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Poult Sci. 1981 Apr;60(4):768-70.

Sampling of broiler carcasses for Salmonella with low volume water rinse.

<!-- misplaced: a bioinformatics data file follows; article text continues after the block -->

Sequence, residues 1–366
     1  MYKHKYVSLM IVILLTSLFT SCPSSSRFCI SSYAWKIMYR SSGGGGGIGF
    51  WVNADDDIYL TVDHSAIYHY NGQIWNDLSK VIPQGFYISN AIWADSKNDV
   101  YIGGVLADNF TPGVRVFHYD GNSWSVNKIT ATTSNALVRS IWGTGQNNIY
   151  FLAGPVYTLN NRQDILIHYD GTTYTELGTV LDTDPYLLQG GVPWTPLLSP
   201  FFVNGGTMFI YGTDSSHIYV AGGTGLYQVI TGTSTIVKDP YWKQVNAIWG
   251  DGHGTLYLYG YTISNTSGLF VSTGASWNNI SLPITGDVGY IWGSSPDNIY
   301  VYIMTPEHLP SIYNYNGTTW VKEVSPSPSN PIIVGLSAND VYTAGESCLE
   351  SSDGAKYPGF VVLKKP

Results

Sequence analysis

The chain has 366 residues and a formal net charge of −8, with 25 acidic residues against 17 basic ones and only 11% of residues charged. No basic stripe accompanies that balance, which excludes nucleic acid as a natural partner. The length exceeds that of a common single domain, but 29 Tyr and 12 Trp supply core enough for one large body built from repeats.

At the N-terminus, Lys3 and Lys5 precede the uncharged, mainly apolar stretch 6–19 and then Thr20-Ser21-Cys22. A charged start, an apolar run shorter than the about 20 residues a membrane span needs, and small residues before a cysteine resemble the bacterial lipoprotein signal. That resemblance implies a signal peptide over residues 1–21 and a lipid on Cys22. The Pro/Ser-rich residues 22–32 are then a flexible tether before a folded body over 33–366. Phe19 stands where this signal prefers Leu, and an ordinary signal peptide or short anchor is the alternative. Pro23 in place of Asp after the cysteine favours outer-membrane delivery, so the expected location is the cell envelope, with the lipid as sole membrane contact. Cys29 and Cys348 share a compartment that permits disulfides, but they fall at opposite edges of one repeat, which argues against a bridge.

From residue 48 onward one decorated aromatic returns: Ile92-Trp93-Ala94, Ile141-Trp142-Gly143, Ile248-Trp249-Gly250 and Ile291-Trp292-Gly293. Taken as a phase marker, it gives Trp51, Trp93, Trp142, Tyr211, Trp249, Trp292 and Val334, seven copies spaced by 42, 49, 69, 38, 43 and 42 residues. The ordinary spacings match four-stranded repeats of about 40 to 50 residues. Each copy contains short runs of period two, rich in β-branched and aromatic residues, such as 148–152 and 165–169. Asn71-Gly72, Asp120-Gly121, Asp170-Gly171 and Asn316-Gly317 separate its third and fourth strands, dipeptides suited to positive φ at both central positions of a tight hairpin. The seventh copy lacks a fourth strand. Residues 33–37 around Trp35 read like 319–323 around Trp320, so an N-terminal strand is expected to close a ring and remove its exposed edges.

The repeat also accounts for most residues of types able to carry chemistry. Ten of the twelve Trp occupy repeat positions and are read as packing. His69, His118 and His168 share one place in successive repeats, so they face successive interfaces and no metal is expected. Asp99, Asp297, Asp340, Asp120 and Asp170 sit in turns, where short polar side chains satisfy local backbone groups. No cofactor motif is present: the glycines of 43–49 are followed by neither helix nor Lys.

The uneven distribution and low numbers of salmonella usually present on broiler carcasses make whole carcass rinsing the most sensitive sampling procedure for detecting this organism on the raw product. However, 270 ml of water or medium has been the smallest volume used in past published research. We found that 100 ml was adequate to recover Salmonella typhimurium, S. california, or S. montevideo from freshly processed broiler carcasses that had been inoculated with the organism at the rate of 50 cells/carcass. When carcasses were inoculated with 20 cells or S. heidelberg, then stored at -23 C for 3 or 6 months, sampling with 100 ml was adequate to detect the organism on all carcasses. The advantages of using the smallest volume of rinsing medium that will consistently lead to detection of salmonella present are: 1) less enrichment medium is required, 2) less incubator space is required, and 3) the concentration of cells in the selective enrichment medium at the end of incubation is greater; hence, the greater are the chances of salmonella detection when a drop is subsequently transferred to the selective plating medium.

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